She has an actual book published and everything, which of course, makes me absolutely chartreuse with envy.
As it happens, Jess was having a book signing in the town where I grew up and where my parents, as well as my heart and soul, still reside.
Coincidentally, the bookstore where the signing was taking place, was once owned by people we knew very well. I thought they still owned it, but I have since learned that it has changed hands. It's not one of those industrially sleek and carefully decorated chains that although undeniably well stocked, lack warmth and character.
No, this little store is full of funky little angles, dead ends, and sloping floors that creak pleasantly when one trods upon them. It smells like bookstores should smell. Not of frothy coffee confections, but of musty pages, full of mystery and promise.
I spent many, many afternoons there as a young girl. They carried the best selection of stickers, which were quite the rage when I was 11. Rainbow stickers, glittery stickers, stickers with lips, hearts, unicorns. They also carried all my favorite authors; Betty Smith, Laura Ingalls Wilder, Madeline L'Engle, and Judy Blume.
There used to be, in a far, dim corner near the back door near, where the academic tomes were housed, a big overstuffed chair; old and careworn, but still comfy. I would sink into that big chair and sit for an hour or so, looking at my bright, shiny new stickers and delving into worlds unknown. Sometimes those worlds were fictitious and fantastic, but sometimes I would take with me a pile of books about all the real places I had ever, in my short, rather myopic life, dreamed of going.
Ahhhhhh. One of my better childhood memories, even though the children of the family that owned the store were spoiled and snobby and looked at my sisters and me as one looks at piles of dog poo upon the ground. Sometimes they would come in while I was there, loud, obtrusive and wrong in the dusty silence of the store. Then, I was forced to sneak away lest I be discovered and have to face their scorn and derision.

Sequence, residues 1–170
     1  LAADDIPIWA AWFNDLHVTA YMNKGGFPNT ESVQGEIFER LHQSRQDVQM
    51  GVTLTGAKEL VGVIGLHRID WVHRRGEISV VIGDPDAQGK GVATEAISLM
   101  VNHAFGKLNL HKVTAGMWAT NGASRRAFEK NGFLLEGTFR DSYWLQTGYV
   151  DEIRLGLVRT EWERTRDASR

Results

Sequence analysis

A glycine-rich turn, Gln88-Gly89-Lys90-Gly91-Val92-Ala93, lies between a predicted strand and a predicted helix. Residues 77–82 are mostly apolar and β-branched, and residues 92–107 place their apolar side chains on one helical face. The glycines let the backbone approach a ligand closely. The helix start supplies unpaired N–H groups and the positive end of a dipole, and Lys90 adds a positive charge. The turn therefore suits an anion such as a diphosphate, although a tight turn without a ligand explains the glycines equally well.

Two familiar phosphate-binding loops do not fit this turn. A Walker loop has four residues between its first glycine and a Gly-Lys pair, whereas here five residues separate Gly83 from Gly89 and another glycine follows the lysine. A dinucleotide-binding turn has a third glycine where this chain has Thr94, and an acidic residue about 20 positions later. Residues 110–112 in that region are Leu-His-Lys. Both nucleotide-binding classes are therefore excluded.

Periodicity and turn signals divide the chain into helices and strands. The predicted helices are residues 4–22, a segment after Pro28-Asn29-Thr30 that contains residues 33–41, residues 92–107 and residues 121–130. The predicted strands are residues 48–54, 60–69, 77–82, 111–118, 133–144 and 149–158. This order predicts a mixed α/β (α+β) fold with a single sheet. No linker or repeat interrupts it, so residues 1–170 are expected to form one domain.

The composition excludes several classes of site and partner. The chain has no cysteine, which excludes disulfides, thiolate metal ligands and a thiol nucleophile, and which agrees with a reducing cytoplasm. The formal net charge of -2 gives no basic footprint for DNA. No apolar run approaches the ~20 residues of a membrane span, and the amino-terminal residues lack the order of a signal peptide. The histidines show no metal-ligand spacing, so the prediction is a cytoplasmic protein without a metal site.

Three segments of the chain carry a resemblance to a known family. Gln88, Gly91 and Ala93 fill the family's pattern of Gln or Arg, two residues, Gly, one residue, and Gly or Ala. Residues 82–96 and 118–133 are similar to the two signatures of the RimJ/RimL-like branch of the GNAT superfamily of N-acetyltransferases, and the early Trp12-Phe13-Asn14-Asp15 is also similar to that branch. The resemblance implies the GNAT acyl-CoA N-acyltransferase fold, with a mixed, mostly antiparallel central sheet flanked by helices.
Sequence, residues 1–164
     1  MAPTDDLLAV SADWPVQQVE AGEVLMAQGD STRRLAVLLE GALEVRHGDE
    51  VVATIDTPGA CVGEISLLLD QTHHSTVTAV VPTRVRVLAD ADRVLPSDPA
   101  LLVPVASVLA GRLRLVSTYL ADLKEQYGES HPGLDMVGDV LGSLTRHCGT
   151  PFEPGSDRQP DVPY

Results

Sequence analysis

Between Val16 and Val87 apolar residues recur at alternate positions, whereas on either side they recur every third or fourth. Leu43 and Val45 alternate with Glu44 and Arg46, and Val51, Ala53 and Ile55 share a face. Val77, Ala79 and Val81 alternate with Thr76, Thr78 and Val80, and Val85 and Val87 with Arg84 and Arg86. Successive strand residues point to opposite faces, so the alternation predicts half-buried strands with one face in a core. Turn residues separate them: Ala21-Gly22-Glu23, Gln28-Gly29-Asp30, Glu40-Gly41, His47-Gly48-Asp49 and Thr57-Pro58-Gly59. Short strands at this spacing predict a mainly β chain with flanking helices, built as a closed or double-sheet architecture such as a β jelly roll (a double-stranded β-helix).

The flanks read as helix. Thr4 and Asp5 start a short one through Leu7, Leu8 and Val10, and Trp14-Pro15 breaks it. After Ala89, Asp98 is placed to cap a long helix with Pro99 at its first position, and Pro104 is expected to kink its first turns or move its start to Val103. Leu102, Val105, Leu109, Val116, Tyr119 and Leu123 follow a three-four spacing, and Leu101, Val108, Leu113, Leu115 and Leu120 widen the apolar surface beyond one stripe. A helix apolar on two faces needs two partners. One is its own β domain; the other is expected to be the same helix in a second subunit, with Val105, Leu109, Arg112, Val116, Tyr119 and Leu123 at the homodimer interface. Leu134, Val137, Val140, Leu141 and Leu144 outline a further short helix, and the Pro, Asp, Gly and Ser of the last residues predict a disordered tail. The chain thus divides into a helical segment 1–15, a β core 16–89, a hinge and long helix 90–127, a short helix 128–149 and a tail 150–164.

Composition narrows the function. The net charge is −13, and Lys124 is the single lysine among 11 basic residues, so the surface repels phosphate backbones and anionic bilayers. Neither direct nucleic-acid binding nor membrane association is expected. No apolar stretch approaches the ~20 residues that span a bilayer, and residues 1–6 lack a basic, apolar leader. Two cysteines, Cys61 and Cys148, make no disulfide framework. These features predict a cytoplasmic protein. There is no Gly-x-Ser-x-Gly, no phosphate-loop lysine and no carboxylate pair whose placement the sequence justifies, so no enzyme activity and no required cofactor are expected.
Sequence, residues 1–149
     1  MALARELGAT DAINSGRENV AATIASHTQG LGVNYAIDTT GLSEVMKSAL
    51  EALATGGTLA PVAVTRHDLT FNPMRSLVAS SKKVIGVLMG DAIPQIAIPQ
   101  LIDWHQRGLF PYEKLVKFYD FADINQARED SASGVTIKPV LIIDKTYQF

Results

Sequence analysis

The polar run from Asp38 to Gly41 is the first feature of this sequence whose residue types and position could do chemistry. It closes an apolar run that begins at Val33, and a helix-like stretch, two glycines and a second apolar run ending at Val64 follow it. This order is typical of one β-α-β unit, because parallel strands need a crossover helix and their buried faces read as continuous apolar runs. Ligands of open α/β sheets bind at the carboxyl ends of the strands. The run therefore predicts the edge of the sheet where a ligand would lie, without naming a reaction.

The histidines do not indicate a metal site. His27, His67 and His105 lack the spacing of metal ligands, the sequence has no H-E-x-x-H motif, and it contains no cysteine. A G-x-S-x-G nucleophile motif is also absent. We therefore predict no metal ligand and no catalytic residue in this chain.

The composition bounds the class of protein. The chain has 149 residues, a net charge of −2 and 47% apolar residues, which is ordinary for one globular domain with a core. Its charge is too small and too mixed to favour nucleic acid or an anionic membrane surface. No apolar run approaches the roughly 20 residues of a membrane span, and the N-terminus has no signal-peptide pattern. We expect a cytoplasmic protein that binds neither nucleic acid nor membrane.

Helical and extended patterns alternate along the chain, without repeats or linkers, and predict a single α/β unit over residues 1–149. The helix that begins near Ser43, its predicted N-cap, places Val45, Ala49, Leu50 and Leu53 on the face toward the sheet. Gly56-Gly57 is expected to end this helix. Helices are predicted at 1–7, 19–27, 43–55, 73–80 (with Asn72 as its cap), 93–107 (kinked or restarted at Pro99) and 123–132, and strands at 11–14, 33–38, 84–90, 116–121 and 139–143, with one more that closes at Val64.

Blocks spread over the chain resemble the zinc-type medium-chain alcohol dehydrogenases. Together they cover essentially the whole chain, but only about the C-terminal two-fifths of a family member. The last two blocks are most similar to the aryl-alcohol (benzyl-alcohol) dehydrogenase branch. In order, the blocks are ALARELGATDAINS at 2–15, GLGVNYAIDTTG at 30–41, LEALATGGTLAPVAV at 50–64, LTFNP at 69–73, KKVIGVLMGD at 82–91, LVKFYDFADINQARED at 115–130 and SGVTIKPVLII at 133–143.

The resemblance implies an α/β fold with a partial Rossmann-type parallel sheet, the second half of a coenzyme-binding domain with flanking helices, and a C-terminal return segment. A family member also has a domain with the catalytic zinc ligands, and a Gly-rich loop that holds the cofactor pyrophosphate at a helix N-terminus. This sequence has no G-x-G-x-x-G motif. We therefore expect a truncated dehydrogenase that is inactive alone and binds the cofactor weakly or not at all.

I had hoped to maybe meet up with Jess on our trip home next week, but our schedules just don't jive, unfortunately. So I called my Mom and asked her to go down there and score an autographed copy of Jess's book "Driving Sideways".
My Mom knows all about the internet, of course. She's savvy and smart, and not one to let any opportunity to simplify life pass her by. Because she's disabled, the internet is a boon for her. For many of us, it is only a convenience and a crutch, but for my Mom, it can be a real life saver.
She's never really gotten into the social aspect of the internet, but I think she understands it well enough.
In the '70's, there was CB radio and my parents were big into that. I can still recall their respective "handles". My Mom was "Honeysuckle Flame" because she has red hair, and because we once lived on a street called "Honeysuckle Lane". My Dad was called "Useless Duck" because he was an airplane mechanic in the army.
They talked to people all over the United States on the CB and even held dances and get togethers to meet. Not unlike the internet at all, this harbinger of world wide connectedness.
So I don't think she found my request all that strange, and I didn't have to explain overmuch how I "know" Jess. She went down there and purchased two copies, one for me, and one for herself.
She was really quite tickled by the experience. And I, quite frankly, was envious and sad. We could have gone down there together. Those are the kinds of simple silly little things that I miss everyday. A trip to the bookstore with my mother. A walk to the park with my sister and her kids. A family meal. A sleepover with all the grandkids.
I'll be home next week. And for just a little while, those things will be mine. But it will be too short, too fleeting, and too long in coming. I get to go home once a year.
And it's just not enough.